Opinion 3 minute read
One of the more recent and perhaps unexpected challenges that many businesses have faced in the last few years is how their PR teams deal with parodied Twitter accounts. Goldman Sachs and BP are just two companies who have seen these “guerrilla” pages become more popular than their official Twitter accounts.
While these profiles can prove to be a potential PR headache – particularly as communications teams are essentially losing an element of control over a brand’s reputation – they can also provide a great opportunity for improvement. It could, for example, be beneficial to assess why these pages are so popular and, as a result, how corporate Twitter accounts could be adapted.
So why are “guerrilla” accounts so popular?
One of the key things that spoof Twitter accounts show us is the need for human interaction on social media. Perhaps a key reason for the popularity of these sites is the fact that they position themselves as a human being giving genuine insights from inside the business. While your Twitter page must have a clear company message, it is also important that you post engaging content rather than just marketing material. If you can portray that your social media is coming from an industry expert rather than a corporate machine, than it is likely to make much more of an impact on your target audience.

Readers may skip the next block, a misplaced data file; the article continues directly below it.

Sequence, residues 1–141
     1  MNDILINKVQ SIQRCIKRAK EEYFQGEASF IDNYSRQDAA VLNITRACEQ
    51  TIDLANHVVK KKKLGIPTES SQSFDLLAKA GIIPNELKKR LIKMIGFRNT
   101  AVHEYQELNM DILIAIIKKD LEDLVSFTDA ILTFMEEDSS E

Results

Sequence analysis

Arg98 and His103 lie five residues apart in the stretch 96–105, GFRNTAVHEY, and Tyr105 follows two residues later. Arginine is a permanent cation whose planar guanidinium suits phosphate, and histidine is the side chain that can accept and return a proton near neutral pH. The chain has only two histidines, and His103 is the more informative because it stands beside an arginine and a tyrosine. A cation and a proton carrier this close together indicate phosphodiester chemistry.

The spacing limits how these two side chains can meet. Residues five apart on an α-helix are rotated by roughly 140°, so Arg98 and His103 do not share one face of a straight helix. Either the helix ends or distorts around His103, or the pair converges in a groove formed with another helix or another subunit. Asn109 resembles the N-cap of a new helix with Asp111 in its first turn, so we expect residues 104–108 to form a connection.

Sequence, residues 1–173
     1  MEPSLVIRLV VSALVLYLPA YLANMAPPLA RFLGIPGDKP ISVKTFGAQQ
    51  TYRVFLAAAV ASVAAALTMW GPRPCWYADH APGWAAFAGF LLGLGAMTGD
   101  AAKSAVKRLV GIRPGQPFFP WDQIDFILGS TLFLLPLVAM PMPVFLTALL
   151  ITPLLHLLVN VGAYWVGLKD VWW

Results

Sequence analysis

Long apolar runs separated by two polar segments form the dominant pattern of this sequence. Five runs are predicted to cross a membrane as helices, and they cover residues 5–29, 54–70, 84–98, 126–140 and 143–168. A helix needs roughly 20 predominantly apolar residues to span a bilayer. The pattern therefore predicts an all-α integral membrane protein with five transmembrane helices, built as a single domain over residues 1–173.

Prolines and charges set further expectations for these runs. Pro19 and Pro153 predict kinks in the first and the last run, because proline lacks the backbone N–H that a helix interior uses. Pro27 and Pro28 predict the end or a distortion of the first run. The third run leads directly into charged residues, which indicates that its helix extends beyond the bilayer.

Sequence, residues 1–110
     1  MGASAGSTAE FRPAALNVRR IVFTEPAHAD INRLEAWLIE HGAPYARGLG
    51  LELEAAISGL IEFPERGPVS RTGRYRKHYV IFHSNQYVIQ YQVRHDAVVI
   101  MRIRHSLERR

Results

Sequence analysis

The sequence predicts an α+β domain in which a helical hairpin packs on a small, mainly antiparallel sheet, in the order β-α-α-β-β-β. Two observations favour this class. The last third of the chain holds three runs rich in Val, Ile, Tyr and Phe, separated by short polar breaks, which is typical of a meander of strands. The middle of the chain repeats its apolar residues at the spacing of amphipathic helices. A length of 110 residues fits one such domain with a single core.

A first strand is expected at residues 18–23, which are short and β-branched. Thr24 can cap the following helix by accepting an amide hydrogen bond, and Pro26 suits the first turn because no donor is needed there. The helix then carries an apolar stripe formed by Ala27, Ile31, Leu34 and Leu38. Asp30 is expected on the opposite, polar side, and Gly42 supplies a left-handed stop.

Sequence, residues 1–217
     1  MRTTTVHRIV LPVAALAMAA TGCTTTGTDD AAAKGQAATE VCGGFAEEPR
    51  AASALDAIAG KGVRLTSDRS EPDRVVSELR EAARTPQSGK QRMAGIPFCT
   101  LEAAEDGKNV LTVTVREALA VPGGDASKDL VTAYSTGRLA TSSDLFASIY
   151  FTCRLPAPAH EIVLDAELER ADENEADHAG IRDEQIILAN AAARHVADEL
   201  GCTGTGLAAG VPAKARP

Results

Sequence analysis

Another way in which spoof Twitter accounts have been able to attract attention is by reacting immediately to news events involving the companies they are parodying. It’s not uncommon to see guerrilla accounts responding to breaking information ahead of official accounts simply because they will not have the same level of approval processes to go through. While PR teams will, in most cases, need to go through a stringent sign off procedure, being beaten to the post by a spoof account is certainly not ideal.
How can PR learn from this?
Perhaps the best way of creating engaging and insightful material on your social channels is to ensure that you have the right people driving your online activities. Your digital output must be aligned to your business message, and this can only truly be achieved if your social media strategy is managed by an experienced communications manager.
However, it can also be potentially dangerous to separate your PR department from the rest of the company. If you recruit people who are simply prolific with social media, then they may not be able to give your target audience a genuine insight into the business, which is what makes spoof accounts so popular. It is perhaps more beneficial, then, for PR teams to consist of talent with combined social media skills and business acumen.
It’s perhaps fair to say that having an online presence is a business imperative, but as the popularity of many spoof accounts shows, there needs to be a balance between the corporate messages and real engagement. The success of these guerrilla profiles shows that, in order to be attractive to target audiences, social media activity needs to be instant, human and informative. Without these elements PR teams could be losing the online battle.
Julia Meighan, executive chairman at PR, VMA Group